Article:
George Carlin had a wonderful way of cutting right through the bullshit, didn’t he? And listening to him is so much better than just reading the text. So, shall we?
[WARNING: The following video contains strong language and content that some viewers may find offensive. It’s probably not work or kid friendly.]
It’s ironic, isn’t it? The Pledge of Allegiance, which describes the United States as “indivisible”, has become one of the most divisive issues among us.
I first read about this particular division at My Crazy Life. You’ll want to check out the video she has posted there. Mike Newdow is interviewed by a frothing-at-the-mouth Fox News reporter (as if that’s not a redundant turn of phrase!). It’s slightly amusing to watch as Mike maintains his composure, remaining completely rational, while she (I don’t know her name) can barely contain herself.
So what’s up in Vermont? CBS News reports:
(AP) No one is sure when daily recitations of the Pledge of Allegiance fell by the wayside at Woodbury Elementary School.
But efforts to restore them have erupted into a bitter dispute in this town of about 800 residents, with school officials blocking the exercise from classrooms over concerns that it holds children who don’t participate up to scorn.
See there? Small town folks can too be rational.
So what did this little school do? They arranged for students who want to participate in group recitation of the Pledge of Allegiance to gather in the gym and do it there. You might consider this a reasonable compromise that works for everyone. If only…
Tedesco, 55, a retired Marine Corps major, and others who signed his petitions didn’t like that solution, calling it disruptive and inappropriate because it put young children in the position of having to decide between pre-class play time and leaving the classroom to say the pledge.
So, let me see if I understand this correctly. Woodbury Elementary School is ticking along just fine, not having daily recitations of the Pledge. Things have been this way for so long that, according to the article, no one is even sure when the practice “fell by the wayside”.
Then along comes Mr. Tedesco with his petition and lobbying, which ultimately results in agreement by school officials to resume the daily exercise of reciting the Pledge, and special accommodations being made for students who wish to participate.
In other words: disrupting the routine of the entire school!
Then, when things don’t play out to his complete and ultimate satisfaction, he objects on the grounds that the compromises and accommodations are, what? Did he call it “disruptive”?!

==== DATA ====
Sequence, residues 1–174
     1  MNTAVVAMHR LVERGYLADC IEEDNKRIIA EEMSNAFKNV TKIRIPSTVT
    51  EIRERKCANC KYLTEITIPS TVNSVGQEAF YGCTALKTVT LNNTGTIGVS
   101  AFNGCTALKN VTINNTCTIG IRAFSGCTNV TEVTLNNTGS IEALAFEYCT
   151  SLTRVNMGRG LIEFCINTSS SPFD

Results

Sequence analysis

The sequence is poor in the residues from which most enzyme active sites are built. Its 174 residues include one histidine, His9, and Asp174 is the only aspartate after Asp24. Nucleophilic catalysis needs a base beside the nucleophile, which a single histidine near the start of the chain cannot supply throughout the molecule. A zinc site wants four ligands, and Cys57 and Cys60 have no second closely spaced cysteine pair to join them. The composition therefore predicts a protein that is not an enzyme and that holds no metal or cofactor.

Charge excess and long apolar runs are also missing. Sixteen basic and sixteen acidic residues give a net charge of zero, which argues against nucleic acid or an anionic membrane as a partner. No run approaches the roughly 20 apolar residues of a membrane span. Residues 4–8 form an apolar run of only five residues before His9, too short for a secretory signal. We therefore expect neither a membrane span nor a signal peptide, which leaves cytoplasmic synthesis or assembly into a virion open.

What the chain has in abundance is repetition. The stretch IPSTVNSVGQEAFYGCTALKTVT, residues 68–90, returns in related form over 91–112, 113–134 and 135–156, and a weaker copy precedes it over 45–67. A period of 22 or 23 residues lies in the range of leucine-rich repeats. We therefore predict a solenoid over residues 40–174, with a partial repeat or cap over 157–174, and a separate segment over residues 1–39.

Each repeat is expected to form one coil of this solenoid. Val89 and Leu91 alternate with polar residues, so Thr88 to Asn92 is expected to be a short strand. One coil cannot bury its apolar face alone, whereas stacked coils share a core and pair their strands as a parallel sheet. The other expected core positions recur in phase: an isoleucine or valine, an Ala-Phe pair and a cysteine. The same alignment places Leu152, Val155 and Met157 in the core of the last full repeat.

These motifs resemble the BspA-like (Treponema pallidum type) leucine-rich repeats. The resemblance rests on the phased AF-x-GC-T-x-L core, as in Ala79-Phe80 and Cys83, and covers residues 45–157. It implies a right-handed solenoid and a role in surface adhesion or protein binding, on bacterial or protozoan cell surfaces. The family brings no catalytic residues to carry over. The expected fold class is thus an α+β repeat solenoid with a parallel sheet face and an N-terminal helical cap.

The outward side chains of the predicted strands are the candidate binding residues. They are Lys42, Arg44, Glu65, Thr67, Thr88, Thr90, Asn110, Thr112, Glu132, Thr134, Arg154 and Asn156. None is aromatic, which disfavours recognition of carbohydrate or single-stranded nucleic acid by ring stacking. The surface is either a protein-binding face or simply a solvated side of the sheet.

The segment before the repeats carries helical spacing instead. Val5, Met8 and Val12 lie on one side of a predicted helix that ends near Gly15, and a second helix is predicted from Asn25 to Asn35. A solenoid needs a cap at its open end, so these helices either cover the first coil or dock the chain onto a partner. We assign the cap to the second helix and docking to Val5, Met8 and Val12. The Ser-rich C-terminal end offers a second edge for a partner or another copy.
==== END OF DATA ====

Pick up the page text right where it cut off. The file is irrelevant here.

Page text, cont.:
Good Gawd! Irony just doesn’t get any jucier than that, does it?
Pst… Tedesco. You instigated the “disruption”. If you were truly interested in not disrupting things, you would have left things the way they were.
But, I suppose if Tedesco & Co. had been granted every one of their wishes, everything would be peachy keen. Never mind those parents and students who consider the Pledge itself to be an inappropriate disruption in the classroom. But who cares what they think, anyway? They’re probably not even real Americans. In fact, they can just take their sorry arses someplace like Iraq if they don’t want to hear the Pledge of Allegiance, God bless America!
I think it’s also worth highlighting that, while Tedesco considers this important enough to circulate a petition lobbying for classroom recitation of the Pledge and ultimately withdraw his children from the school (he says for academic reasons and not the Pledge issue, but the timing is rather suspicious) he doesn’t think it’s important enough to make kids give up a few minutes of playtime in the morning.
What about values? What about teaching children priorities? Sacrifice builds character, etc., etc.
But wait! What if Mr. Tedesco is really worried that, given the choice between playtime and gathering to recite the Pledge, the kids would choose playtime? Gawd knows we can’t start allowing children to make choices, especially when they’re likely to opt out of something so vitally important to the grown ups!
No! This ritual must be performed in the classroom where they can’t get away, where those who don’t wish to participate or might object to it for some reason are forced to hear it.
In other words, it’s not enough to simply accommodate students who wish to participate, we must force all students to participate in some way or another. The fact that this doesn’t surprise me is a bit unsettling.
But, hey! I could be completely wrong. Maybe Tedesco and those who share his views really do think that the arrangement is disruptive and imposes undue hardship on students. Giving them the benefit of the doubt, I’ve come up with a solution that should satisfy everyone! I’m all about compromise, after all.
I would be perfectly happy for my son’s school to have two morning bells. The first bell calls for all students who wish to participate in group recitation of the Pledge to report to their classrooms for said ritual. The second bell calls all remaining students to class after the ceremony. Everyone gets the same tardy bell. I’m willing to allow the first bell to ring at the usual time to avoid cutting into anyone’s morning playtime or other recreational activities.
Tedesco & Co. get their playtime and their classroom recitation; those who do not wish to participate are not forced to.
This has the added benefit of staggering hall traffic at larger schools, making the hallways less crowded and thereby safer for all students. Students continue reporting to their regular classrooms, roll call is taken as usual, and class instruction begins immediately afterward.
Of course, this is still in its rough phase, but it seems reasonable to me. Any objections?